Idol Chatter

Oscar season has formally begun as the nominations were announced today by the Academy of Motion Picture Arts and Sciences. The full line-up and more info can be found at at and commentary will be all over the Net. Like everyone else, I have my opinions, so here are my five cents:
1. I thought “The Dark Knight” was far better than just Heath Ledger. It’s a deserved honor that he was nominated post-mortem and that he may very well win. But the film was much bigger than him, and the understated discipline Christian Bale brought to the role was as artful as the inspiring themes of sacrifice and selflessness that made the movie inspiring, at least for me. It should have been nominated for more.
2. “Revolutionary Road” sure seems to have struck a chord with most everyone I’ve talked with, but the Academy didn’t deem it worthy of much other than a couple design nominations and a Supporting Actor nod. There’s something about Leonardo DiCaprio that works at the box office but not with Mr. Oscar.

3. “The Curious Case of Benjamin Button” and “Slumdog Millionaire” were both as uplifting as they were sublime and they deserve the double digit nominations they received.
4. I was thrilled that “Frost/Nixon” was a Best Picture nominee and that Ron Howard’s directing work was recognized. That was a tough movie to make and it brought back the reality of a timid time in our nation’s history with drama and savvy.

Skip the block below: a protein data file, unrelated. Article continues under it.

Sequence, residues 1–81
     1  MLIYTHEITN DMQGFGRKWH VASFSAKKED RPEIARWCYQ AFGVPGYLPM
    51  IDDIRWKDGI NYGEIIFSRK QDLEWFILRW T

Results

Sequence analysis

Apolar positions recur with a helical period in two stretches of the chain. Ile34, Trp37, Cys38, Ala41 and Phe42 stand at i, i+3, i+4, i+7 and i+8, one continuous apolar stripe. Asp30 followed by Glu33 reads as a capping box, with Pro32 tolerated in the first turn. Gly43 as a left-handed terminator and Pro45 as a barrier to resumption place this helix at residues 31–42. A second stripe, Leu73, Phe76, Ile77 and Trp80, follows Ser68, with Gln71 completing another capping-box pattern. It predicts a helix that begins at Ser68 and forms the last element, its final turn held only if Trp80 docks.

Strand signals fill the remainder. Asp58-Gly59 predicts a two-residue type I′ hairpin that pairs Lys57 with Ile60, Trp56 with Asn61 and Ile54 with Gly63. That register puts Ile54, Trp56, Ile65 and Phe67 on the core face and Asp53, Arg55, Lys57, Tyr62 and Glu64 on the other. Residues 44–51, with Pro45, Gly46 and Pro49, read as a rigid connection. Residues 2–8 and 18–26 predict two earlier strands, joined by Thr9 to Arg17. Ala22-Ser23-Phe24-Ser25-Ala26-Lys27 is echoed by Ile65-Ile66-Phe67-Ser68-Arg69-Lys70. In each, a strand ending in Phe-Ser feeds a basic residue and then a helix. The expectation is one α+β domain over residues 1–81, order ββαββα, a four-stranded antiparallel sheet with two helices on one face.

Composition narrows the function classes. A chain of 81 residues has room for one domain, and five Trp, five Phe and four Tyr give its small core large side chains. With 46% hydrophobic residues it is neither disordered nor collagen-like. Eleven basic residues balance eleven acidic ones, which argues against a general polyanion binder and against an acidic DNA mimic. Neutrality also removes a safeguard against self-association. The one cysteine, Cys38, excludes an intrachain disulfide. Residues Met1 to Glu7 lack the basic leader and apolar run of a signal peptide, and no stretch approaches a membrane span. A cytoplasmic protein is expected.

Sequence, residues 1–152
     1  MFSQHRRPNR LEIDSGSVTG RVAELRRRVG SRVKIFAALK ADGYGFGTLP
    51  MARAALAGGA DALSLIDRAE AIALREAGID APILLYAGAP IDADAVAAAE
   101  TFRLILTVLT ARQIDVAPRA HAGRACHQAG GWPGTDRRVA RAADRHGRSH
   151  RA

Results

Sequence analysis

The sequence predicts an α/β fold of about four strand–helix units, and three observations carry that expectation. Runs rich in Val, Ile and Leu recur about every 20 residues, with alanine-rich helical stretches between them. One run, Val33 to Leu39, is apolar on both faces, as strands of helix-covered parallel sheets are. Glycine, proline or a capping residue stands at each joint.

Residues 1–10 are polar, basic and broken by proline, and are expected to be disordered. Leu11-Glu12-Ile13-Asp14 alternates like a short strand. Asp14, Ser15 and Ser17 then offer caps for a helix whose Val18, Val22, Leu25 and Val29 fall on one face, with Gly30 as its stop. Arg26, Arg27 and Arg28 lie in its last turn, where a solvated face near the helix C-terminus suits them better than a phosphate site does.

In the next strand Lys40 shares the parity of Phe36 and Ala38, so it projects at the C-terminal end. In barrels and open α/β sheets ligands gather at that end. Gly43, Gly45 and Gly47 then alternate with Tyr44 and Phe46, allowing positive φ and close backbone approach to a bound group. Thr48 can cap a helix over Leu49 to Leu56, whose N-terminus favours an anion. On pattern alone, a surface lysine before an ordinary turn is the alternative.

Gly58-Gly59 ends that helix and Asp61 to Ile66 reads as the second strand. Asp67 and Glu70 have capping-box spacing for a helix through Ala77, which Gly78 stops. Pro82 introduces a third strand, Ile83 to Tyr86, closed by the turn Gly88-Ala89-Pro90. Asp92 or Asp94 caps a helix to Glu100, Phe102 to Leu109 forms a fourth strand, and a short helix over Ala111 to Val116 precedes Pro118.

5. Apparently American actors are back, as 17 out of the 20 acting nominees hail from our country as opposed to last year’s foreign invasion. I think the Best Actor category is as competitive as its been in a long, long time, between bigger-than-life performances from Brad Pitt in “Button,” Sean Penn in “Milk,” Mickey Rourke in “The Wrestler,” and Frank Langella in “Frost/Nixon.” It’s a crime that Clint Eastwood (“Gran Torino”) was left out of this all-star line-up in favor of Richard Jenkins in “The Visitor.” I’d mark that as the biggest surprise and the second biggest mistake of the nominations (next to omitting “The Dark Knight” from Best Picture.”)
There will be interesting side plots to the show this year–like whether oft-nominated Meryl Streep will win for the first time in 26 years, or whether she or Pierce Brosnan or Hugh Jackman will sing in the ceremony, whether Clint will show up after being snubbed, or whether they’ll get the whole thing done by midnight.
In the meantime, I will continue to root for the films that inspire and somehow cause us to reflect on our faith and life choices. To that end, I’ll enjoy the kudos for “Button” and “Slumdog,” root for “Frost/Nixon,” and mourn the omission of Clint’s “Gran Torino” and Bale’s “The Dark Knight.”

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